Here's a picture from a few days later when it was brighter.  Even this doesn't give you a sense of the detail and glitter in this amazing church.


Right behind the GHE and between it and the Church of the Spilled Blood was the main branch of the Russian Museum.  The Russian Museum in St. Petersburg is much like the Smithsonian in DC: although there is ostensibly a central building, there are actually many museums and even a few palaces in the city under its curatorship.  It holds a really astonishing collection of early Russian history, and I'm sure it's Revolutionary materials are outstanding, given what happened in St. Petersburg, but I ran out of time to see them.

This is the Stroganoff Palace, famous and very prestigious Russian noble family, family for whom especially yummy dinner is named!  If you want information about the city's MANY palaces and about the city in general, I recommend two websites: Saint-Petersburg.com and Nevsky-Prospekt.com.  Several Russian colleagues recommended the former, while I found the latter a great resource about a whole series of impressive but less prestigious palaces scattered around the city.  Both also have great photos!


Just behind us was one of the main renovation projects going on in the city.  To be honest, one of the more striking things in SP was the variation in restoration.  Some buildings were in great shape, while others were missing huge chunks of plaster.  Then there were the differences between what was visible publicly and what was in the inside courtyards; the latter was STRIKING at the Peter and Paul Fortress.  While some of it is understandable given the difficulties of maintenance in SP's climate, it was also a testimony to the way capitalism run rampant underlies so much of modern Russian society.  Basically the buildings that were in good shape were ones that people, companies, or the government could make money on.


Here it is, the Russian St. Peter's, otherwise known as Kazan Cathedral.  Impressive church, but when you've seen the real thing, it becomes more impressive as a statement of imperial aspirations and resources--and that isn't necessarily flattering.


A great bookstore and a good, if overpriced, cafe is housed here in the Singer building next to the canal pictured above.  And, yes, it's now called Singer based on the Singer of sewing machine fame.



One of the things I've liked about architecture both in SP and here in Helsinki are the details on the buildings.  The next few pictures show the type of decoration that was found all over the buildings in the heart of SP.  And, by the way, look at the bright turquoise building across the canal from the Singer.  See what I mean about painted buildings.  (While it does look odd to me, I must admit that it really brightened up the place on cold and gray winter days.)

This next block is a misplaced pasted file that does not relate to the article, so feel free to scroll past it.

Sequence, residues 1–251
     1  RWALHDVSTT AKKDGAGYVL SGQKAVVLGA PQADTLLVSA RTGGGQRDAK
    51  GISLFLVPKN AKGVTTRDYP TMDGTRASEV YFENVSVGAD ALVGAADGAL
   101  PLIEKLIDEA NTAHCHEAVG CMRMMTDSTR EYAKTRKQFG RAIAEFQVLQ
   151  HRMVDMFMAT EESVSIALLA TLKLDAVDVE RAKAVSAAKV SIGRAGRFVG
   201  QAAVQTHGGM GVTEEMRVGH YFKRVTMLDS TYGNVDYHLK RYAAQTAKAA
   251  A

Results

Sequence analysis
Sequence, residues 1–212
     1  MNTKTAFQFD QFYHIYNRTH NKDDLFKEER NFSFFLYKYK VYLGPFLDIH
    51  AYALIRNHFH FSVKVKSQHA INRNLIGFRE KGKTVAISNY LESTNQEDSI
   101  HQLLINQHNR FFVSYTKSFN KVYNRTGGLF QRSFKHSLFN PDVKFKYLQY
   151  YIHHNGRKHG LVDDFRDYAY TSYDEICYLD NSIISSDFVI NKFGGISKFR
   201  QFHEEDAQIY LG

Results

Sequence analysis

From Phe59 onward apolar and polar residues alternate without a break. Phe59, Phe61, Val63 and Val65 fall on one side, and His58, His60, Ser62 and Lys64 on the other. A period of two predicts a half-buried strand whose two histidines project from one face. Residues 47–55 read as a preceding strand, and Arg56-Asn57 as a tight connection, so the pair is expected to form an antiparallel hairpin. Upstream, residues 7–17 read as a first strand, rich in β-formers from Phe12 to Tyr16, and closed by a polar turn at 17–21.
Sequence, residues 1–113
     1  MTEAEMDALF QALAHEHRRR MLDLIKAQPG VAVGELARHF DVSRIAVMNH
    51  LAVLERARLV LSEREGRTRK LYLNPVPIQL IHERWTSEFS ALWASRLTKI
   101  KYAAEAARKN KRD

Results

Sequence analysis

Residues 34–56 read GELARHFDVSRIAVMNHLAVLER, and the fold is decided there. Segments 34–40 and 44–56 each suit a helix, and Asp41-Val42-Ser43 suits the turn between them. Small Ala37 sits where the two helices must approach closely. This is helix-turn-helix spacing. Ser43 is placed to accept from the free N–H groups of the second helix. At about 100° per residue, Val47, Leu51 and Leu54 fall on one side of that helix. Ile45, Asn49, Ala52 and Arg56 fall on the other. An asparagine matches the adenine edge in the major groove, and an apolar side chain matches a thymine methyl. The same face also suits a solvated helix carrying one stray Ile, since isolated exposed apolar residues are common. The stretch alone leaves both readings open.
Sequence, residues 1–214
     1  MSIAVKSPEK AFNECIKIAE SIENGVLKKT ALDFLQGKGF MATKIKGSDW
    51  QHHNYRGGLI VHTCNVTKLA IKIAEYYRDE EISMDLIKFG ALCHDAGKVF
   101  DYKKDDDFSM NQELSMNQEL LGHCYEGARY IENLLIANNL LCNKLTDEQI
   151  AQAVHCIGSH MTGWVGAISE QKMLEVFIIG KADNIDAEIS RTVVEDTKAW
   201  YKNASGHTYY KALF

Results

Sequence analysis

Did you really think I'd leave out the Hermitage/Winter Palace?  (Yes, they're officially two different things, but it's too complicated to explain and, in the modern world, doesn't really matter.)  Yep, the reason I went to SP for the art collection--most of which isn't on display.  When Jaime gets his more detailed pictures of the Hermitage loaded, I'll post separately about it, but let's just say it is quite impressive, although, funnily enough, not as grandiose as I expected.  I think part of the reason it seemed more understated than I expected was because of the huge public square in front of it, one that was clearly designed for staging entrances, performances, etc.  Another reason is that because, in many ways, all of SP is an imperial stage, and there are so many other impressive palaces in close proximity that it simultaneously blends in and stands out.  The blue-green paint is odd to see in person, too, although I'd see it in tons of photographs.  It makes it stand out, but it also makes it homier, too--probably not an impression the czars were going for. :-)


Once we walked across the huge square we slipped into one of the side streets that now exist between wings of the palace.  Is it just me, or does this look like something straight out of Venice (minus the ice, that is)?




And, remember, don't try to moor in the ice!


You can imagine what fun these cobblestones were to walk on, although SP was actually much easier to navigate than Helsinki at that time.  By early March, the ice was off the main walkways; it helps when you have a MUCH larger population.  Some side streets and all the parks were still treacherous, but it didn't keep the Russian women from running around in 3-4" heels!


I dealt with the issue by slipping and basically genuflecting in front of the Winter Palace.  I'm sure someone was wondering why I was so overcome.  Jaime had another problem; his boots just couldn't take the pace!


I've always thought "walking my shoes into the ground" was a metaphor.  Yes, we learned all about Russian shoe repair!